The California Supreme Court issued a unanimous decision in Beacon Residential Community Association v. Skidmore, Owings & Merrill, S208173, on July 3, upholding a homeowners association's right to pursue a common law negligence claim against the project architects of a 595-unit condominium project in San Francisco. 

Building on substantial case law and the common law principles on which it is based, we hold that an architect owes a duty of care to future homeowners in the design of a residential building where, as here, the architect is a principal architect on the project — that is, the architect, in providing professional design services, is not subordinate to other design professionals. The duty of care extends to such architects even when they do not actually build the project or exercise ultimate control over construction.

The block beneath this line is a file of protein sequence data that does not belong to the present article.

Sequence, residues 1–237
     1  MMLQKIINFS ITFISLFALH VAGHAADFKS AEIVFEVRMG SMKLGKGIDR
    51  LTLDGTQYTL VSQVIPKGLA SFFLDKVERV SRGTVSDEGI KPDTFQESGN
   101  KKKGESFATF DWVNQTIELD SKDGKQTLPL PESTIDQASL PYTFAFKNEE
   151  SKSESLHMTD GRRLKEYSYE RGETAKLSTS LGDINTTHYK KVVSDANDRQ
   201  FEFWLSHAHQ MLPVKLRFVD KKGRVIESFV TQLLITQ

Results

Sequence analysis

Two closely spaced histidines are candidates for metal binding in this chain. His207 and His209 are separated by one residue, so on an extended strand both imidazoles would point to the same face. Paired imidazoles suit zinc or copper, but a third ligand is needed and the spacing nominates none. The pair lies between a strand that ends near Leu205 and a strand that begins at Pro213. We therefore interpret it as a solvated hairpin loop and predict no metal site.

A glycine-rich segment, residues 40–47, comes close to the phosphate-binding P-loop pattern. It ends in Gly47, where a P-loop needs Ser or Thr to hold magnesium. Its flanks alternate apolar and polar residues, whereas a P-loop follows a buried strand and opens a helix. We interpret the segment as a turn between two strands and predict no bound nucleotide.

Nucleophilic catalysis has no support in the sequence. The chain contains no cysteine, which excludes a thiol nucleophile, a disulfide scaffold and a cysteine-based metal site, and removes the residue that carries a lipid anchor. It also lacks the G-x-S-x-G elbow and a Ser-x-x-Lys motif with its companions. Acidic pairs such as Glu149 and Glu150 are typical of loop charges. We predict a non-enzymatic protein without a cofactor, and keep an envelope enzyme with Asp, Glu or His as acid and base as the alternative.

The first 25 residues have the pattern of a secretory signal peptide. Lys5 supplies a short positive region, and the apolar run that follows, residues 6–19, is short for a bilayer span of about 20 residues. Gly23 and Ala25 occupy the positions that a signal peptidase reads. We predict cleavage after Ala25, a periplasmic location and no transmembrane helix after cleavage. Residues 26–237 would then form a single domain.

Finding a common law basis for the imposition of duty, the Supreme Court did not reach the plaintiff's argument and the Court of Appeal's ruling that the California Right to Repair Act (Civil Code §896 et seq.) was "dispositive of the scope of duty."

Bottom line, the case holds that the principal architect(s) on a residential project face negligence exposure for design issues to foreseeable future homeowners.  Although the holding is limited to principal architects, the reasoning would seem to apply to the architect’s principal consultants (mechanical, structural, etc.) as well.  The court went to great lengths to distinguish its reasoning in this case as protecting unsophisticated homeowners purchasing residential properties, from one of its prior rulings which found that auditors owed no duty to their client's investors (Bily v. Arthur Young & Co. (1992) 3 Cal.4th 370). Thus, it is probable that the Beacon ruling would not be extended to "commercial" plaintiffs. Click here for the full text of the opinion.